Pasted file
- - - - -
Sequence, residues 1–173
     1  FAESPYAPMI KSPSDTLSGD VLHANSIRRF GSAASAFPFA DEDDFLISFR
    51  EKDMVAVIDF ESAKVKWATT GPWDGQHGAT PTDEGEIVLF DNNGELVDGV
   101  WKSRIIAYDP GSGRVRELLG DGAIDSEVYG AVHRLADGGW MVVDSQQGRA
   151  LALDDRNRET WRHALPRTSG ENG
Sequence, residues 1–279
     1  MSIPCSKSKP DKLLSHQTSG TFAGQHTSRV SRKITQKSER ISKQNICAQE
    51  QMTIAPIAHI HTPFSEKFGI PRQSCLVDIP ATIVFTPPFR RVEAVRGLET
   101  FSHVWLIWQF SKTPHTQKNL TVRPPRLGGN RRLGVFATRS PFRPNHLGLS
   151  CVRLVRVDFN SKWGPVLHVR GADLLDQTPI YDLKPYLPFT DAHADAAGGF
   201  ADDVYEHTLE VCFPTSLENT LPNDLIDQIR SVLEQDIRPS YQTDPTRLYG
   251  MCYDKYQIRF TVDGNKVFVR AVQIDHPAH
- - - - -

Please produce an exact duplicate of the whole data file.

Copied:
Sequence, residues 1–173
     1  FAESPYAPMI KSPSDTLSGD VLHANSIRRF GSAASAFPFA DEDDFLISFR
    51  EKDMVAVIDF ESAKVKWATT GPWDGQHGAT PTDEGEIVLF DNNGELVDGV
   101  WKSRIIAYDP GSGRVRELLG DGAIDSEVYG AVHRLADGGW MVVDSQQGRA
   151  LALDDRNRET WRHALPRTSG ENG
Sequence, residues 1–279
     1  MSIPCSKSKP DKLLSHQTSG TFAGQHTSRV SRKITQKSER ISKQNICAQE
    51  QMTIAPIAHI HTPFSEKFGI PRQSCLVDIP ATIVFTPPFR RVEAVRGLET
   101  FSHVWLIWQF SKTPHTQKNL TVRPPRLGGN RRLGVFATRS PFRPNHLGLS
   151  CVRLVRVDFN SKWGPVLHVR GADLLDQTPI YDLKPYLPFT DAHADAAGGF
   201  ADDVYEHTLE VCFPTSLENT LPNDLIDQIR SVLEQDIRPS YQTDPTRLYG
   251  MCYDKYQIRF TVDGNKVFVR AVQIDHPAH